So you want to decorate garments. There are so many ways of doing that. Do you want to use transfers? Interested in direct-to-garment printing? Want to try out screen printing? With so many options to start, it can be overwhelming for a DIY printer to decide. Let’s compare two popular methods: DTF and screen printing.
WHAT IS DTF?
DTF means Direct-to-film. This references a type of printer that prints the design directly to the transfer film, and then is heat pressed onto various garments and other substrates. This method can be used for just about any clothing type and creates a transfer that feels like a soft vinyl transfer. DTF is great for small print runs of just a few shirts, difficult substrates like backpacks, or to utilize all the colors of the rainbow with just one film.
WHY SCREEN PRINT?
Screen printing takes a bit more learning to get good at, but can have a huge payout. New printers need to be patient with themselves and learn the trade. It’s much more nuanced than heat pressing a transfer.
But there are some benefits to screen printing that DTF doesn’t have. Properly cured screen printed garments will last longer than DTF transfers. Because DTF is a transfer, creating large prints won’t have a soft hand feel. For a great soft print, head to screen printing. The transfer sits on top of the shirt instead of soaking in as a screen print would. Screen prints are softer and flex with the shirt.
Screen printing wins when printing large jobs, hands down. When decorating small runs, like for a family vacation, setting up a screen print job might not be worth the cost. But if you’re printing for a family reunion, sports team, or any job over 25 prints, screen printing is the way to go.
RELATED: WHY SHOULD I START SCREEN PRINTING?
COMBINE THE TWO WORLDS
There’s a place in garment decoration for both screen printing and DTF (or any type of transfer).
Say you’re printing shirts for a local kids’ softball team. You need to print at least 30, but every shirt needs to have a different number and name on the back.
Since the team’s name and design will be the same for the whole team, screen print it. Then, use DTF transfers to create the numbers and names of each player. Combining decoration methods is a great way to diversify your offerings and create a niche for your shop.
WHAT’S THIS ALL GOING TO COST?
When starting a business, there’s always an investment involved. Let’s compare the cost of both methods. First up, screen printing.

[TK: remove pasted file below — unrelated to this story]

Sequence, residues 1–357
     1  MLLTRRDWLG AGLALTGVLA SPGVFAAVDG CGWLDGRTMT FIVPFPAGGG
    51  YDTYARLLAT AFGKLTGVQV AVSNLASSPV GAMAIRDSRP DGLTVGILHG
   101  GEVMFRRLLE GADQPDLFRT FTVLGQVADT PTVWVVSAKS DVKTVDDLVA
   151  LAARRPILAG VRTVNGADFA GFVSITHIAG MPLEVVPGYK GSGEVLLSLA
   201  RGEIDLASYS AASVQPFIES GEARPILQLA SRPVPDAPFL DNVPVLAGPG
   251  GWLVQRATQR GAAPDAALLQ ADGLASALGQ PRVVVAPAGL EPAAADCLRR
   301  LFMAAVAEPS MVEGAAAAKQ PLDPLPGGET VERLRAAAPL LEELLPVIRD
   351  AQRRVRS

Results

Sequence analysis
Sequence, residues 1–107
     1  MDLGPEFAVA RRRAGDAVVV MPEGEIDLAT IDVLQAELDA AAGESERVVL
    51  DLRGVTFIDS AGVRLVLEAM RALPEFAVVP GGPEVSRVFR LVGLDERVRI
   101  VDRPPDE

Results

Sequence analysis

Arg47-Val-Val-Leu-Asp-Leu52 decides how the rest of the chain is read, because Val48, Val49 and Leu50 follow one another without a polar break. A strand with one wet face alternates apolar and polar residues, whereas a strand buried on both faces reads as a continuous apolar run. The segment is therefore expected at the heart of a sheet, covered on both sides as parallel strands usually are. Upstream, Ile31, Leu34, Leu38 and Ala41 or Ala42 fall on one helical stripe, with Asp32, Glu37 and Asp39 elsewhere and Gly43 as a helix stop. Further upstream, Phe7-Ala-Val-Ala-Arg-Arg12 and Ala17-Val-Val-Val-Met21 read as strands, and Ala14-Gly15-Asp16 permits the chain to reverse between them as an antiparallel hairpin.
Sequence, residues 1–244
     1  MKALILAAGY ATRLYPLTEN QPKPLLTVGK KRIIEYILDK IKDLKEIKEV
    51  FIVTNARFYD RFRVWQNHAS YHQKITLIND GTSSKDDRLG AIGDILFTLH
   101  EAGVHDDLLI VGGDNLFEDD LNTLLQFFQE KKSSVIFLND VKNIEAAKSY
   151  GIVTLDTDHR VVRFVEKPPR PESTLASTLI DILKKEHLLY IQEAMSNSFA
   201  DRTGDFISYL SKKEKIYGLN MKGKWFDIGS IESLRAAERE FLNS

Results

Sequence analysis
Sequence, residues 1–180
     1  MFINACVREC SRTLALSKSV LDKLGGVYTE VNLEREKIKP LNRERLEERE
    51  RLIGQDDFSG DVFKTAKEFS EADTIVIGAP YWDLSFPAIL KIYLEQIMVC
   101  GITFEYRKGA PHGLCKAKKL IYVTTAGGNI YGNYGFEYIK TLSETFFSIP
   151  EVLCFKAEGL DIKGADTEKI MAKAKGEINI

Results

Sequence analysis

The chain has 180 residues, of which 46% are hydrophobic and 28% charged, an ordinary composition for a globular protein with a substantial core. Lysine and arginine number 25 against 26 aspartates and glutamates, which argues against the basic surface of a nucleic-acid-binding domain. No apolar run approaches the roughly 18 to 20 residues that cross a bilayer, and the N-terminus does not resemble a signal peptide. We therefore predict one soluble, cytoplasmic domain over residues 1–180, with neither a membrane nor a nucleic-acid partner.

Say you’re investing in the Riley Hopkins 150 kit, which has a small press, ink, screens, squeegees, scoop coaters, an exposure bulb or small unit, and more. Let’s say you’re printing with the Riley Hopkins 150 Complete Screen Printing Kit. That brings your total to approximately $1,900 before tax and shipping.
Add up other costs, like the number of utilities it takes to run the shop and the cost of ink and emulsion per design. Take the print below for example.
This is a one-color image, so the cost of ink per shirt is approximately 20 cents. Multiply that by 30 shirts, and you’re looking at about $6.00 of ink cost for the job. The emulsion should only be a few cents since you’d only need to coat one screen for this job.
So how much should you charge per shirt to make a profit? Generally, printers try to make up to 45% profit on a print job. Here’s a table to help you determine that:
|total cost per item
|x percent of desired profit as a decimal (example: .25 or .45)
|= profit made per item per job
Now let’s talk about the profitability of DTF.
A low-end DTF machine will run about $3,500. You’ll need special ink and film too, plus a heat press. This start-up cost is more than a beginner screen printing kit but can have benefits.
You’ll be able to start printing top-notch prints right away and can use every color of the rainbow without trying to produce it in CMYK. Simply set your printer and walk away. With DTF, you can print a handful of shirts, or just one.
Use the same calculator as the section above to calculate how much profit you’d make using DTF transfers. Compare the costs and profits to whichever method speaks best to your setup and process.
Both screen printing and DTF have their niches in the world. It all depends on what you’re looking for in garment decoration and what you want to provide. The best way to know? Ask around and see what print shops like yours are doing. Try both out and see which you like better.